You look in this data, and that’s when you start seeing (and we’re talking still at lower intensities), but you see right away, “Whoa, this guy has really good potential,” because it falls in like that 90th percentile. Right away, you see, as opposed to this other guy who’s like in the 10th percentile. You start discriminating, and by no means am I’m saying that that guy is doomed, the 10th-percentile person. Maybe he hasn’t been training correctly. Maybe he hasn’t been training at all, or doesn’t eat correctly. That doesn’t mean that that person is doomed, but it is just like a good reference, to know, we need a lot of work with this person, this kid. He’s only 14, you know what you expect? We have to get in in the next three years, like a long-term or mid- to long-term plan to really improve that athlete at a higher level. But by no means is it like, “Oh, no, this kid is never going to be good.” No, I don’t say that. Unless already sure, they’re like a very high level of professional. That’s where you can say, “Well, maybe you’re never going to make it as a highest level.” But even still, this is a conversation that I don’t like to have. But when they’re kids, I mean, the sky’s the limit; you can get very far.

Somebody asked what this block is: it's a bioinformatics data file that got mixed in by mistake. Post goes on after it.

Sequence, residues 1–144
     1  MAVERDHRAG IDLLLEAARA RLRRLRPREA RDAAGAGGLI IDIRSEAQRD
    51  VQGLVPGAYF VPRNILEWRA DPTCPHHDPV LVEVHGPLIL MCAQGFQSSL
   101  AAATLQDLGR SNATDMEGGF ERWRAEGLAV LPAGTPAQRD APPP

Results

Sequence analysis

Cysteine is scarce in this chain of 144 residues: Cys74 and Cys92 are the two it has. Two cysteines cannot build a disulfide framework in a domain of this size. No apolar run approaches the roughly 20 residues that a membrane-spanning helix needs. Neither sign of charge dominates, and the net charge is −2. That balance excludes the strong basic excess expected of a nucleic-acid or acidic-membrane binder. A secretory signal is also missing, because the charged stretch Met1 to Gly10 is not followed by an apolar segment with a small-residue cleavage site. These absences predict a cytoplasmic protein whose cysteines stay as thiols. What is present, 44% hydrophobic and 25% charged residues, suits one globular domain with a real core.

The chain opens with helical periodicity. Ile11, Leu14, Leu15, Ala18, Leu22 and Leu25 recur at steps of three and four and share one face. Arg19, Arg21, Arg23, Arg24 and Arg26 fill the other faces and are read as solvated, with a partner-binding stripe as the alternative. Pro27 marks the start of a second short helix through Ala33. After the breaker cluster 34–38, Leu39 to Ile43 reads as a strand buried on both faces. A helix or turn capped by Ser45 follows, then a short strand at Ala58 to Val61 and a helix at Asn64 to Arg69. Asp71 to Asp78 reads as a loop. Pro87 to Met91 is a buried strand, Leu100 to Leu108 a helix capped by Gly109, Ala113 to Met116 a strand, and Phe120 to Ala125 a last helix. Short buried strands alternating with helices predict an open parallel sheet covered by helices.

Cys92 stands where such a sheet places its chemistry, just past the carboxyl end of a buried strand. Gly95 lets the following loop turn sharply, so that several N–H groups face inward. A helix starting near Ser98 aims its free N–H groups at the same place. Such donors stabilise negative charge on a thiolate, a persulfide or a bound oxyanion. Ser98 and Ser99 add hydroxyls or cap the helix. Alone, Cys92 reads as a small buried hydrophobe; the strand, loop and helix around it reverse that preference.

There’s another thing you said about Juan, was that he is so savvy about training, and uploads all his files, knows exactly what he wants to do. That’s the interesting thing, when you’re coaching juniors, they are kids, and they might have a very different emotional development. One athlete might have a very different emotional development path to another. How do you navigate that and is that a big piece of their success?
Passion and Emotional Development of Junior Athletes
Dr. Iñigo San Millán 11:05
That’s a great question, and yeah, that’s a big piece, and that’s where like, you see kids, like Juan who was determined, was disciplined, this is what I want to do. They have that killer instinct, as opposed to other kids who might be goofing around, they might be more into other things, “This is not my thing, necessarily. Like I love it, but tomorrow I can like a lot of other things.” That’s why you see, like yeah, there’s potential.
Dr. Iñigo San Millán 11:36